Rationalizing gukurahundi: cold war and South African foreign relations with Zimbabwe, 1981-1983
Scarnecchia, Timothy (Kent State University)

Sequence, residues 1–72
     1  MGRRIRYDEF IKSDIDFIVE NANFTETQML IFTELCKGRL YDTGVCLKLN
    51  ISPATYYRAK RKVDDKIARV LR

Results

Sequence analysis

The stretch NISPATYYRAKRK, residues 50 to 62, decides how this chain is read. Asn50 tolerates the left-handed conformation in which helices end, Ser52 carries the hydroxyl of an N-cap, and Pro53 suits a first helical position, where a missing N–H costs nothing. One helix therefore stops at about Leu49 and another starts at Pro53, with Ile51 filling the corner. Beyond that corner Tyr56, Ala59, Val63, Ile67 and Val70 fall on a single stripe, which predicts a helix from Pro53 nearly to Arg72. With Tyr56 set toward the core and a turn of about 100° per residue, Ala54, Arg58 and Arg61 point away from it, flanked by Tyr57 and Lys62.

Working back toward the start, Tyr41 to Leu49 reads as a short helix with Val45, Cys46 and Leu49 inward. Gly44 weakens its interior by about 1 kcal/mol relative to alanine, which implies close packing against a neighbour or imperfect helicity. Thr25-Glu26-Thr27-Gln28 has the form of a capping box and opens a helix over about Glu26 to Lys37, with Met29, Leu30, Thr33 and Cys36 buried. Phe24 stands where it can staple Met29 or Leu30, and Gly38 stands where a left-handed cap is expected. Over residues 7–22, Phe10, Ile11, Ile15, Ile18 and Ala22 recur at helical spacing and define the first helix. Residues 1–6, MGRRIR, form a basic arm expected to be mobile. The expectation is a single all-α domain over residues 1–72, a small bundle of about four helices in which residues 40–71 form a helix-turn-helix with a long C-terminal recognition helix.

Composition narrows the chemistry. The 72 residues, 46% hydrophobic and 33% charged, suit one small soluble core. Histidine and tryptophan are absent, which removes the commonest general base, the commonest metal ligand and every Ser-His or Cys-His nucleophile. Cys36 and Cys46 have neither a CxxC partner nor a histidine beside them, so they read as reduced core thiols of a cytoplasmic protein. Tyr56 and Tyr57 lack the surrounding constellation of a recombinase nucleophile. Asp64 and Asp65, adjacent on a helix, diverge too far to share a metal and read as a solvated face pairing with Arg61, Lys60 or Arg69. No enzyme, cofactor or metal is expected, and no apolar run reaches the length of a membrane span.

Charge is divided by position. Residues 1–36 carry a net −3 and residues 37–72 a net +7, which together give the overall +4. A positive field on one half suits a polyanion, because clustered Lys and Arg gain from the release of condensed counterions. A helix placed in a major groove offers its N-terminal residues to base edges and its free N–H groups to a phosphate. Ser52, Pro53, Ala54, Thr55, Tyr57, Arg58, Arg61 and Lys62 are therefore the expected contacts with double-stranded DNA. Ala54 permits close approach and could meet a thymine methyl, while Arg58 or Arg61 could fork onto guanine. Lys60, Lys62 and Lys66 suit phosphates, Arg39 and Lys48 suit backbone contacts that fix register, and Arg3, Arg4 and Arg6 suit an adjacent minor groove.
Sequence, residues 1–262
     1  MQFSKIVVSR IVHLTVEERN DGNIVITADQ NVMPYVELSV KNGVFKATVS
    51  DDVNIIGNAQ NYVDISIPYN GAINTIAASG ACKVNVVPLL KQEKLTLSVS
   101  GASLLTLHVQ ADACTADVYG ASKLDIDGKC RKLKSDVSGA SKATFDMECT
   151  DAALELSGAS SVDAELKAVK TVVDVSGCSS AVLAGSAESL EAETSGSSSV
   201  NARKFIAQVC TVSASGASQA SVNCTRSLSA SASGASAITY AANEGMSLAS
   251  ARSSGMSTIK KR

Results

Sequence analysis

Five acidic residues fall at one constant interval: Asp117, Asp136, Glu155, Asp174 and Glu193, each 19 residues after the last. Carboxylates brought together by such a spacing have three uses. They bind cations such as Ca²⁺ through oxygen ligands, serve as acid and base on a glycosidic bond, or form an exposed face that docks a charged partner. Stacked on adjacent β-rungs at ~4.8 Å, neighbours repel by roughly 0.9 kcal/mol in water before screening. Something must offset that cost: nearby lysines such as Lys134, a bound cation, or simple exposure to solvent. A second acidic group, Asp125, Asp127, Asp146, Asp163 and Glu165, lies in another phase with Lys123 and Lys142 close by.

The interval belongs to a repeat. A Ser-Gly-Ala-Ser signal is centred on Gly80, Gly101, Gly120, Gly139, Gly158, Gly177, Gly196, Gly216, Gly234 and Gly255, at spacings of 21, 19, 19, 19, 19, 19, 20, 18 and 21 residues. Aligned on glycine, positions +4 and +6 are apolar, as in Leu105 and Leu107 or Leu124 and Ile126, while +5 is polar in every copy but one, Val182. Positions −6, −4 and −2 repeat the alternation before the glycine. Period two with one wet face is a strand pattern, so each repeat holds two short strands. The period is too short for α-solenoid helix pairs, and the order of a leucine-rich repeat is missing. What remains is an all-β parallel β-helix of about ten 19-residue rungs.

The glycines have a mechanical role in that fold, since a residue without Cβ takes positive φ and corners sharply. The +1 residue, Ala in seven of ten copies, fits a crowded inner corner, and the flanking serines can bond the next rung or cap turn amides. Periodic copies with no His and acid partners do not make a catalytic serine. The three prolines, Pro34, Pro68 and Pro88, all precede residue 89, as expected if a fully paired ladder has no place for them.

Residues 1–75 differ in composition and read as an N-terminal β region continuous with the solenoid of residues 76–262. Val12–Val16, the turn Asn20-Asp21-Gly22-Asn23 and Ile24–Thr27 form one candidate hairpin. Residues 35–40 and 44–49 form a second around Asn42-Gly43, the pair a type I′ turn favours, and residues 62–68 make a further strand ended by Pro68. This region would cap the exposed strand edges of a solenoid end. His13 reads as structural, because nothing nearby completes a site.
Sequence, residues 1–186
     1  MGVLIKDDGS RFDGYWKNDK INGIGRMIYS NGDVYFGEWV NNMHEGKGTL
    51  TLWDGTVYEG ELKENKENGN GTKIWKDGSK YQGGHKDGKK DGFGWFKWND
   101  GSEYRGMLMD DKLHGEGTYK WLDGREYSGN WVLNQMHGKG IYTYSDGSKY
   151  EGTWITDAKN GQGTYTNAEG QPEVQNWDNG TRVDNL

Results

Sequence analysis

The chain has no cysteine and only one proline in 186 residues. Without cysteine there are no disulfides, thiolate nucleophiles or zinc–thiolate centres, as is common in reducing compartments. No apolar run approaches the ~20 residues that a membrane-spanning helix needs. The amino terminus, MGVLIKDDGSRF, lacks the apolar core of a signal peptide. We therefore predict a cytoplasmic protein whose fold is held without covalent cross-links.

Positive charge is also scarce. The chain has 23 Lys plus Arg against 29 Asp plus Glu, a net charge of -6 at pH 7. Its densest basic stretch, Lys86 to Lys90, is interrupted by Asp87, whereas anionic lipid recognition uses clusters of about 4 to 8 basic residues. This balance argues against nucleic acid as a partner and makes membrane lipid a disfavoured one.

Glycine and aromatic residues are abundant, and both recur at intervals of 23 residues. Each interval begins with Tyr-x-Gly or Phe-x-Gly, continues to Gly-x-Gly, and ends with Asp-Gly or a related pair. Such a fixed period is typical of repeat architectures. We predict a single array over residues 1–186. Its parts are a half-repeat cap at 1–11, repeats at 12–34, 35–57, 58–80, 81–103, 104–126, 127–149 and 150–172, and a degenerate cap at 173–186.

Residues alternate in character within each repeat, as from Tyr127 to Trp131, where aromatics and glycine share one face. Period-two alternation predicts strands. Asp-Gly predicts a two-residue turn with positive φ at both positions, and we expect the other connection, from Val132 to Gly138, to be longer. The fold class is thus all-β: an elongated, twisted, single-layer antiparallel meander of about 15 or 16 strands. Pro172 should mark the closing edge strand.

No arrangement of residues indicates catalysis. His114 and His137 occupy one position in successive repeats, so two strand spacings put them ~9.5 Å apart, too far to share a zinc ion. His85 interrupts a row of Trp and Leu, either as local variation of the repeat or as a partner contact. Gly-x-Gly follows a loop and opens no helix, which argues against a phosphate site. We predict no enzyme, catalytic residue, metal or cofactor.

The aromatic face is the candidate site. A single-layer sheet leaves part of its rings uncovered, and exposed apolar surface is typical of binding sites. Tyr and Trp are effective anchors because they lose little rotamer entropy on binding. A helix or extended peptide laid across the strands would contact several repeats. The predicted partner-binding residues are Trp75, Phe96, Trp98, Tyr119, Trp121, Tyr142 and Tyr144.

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This article examines the role of diplomatic relations during the first stages of the 1983 Gukurahundi in Zimbabwe. Based on a preliminary reading of South African Department of Foreign Affairs files for 1983, the article suggests that Cold War relations between Zimbabwe and the United Kingdom helped to provide cover for the Zimbabwean National Army’s Fifth Brigade’s campaign of terror. Similarly, American support for Mugabe’s claims to be a pro-Western leader committed to non-racialism helped provide international cover for the atrocities. At the same time, evidence shows high-ranking ZANU-PF officials negotiated with the South African Defense Forces in 1983 to cooperate in their efforts to keep ZAPU from supporting South African ANC operations in Zimbabwe. The 5th Brigade’s campaign therefore served the purposes of South Africa, even as ZANU-PF officials rationalized the Gukurahundi violence in international and anti-apartheid circles as a campaign against South African destabilization. The article suggests that the diplomatic history of the Gukurahundi can provide a useful lens for understanding the tragedy in both regional and international Cold War contexts.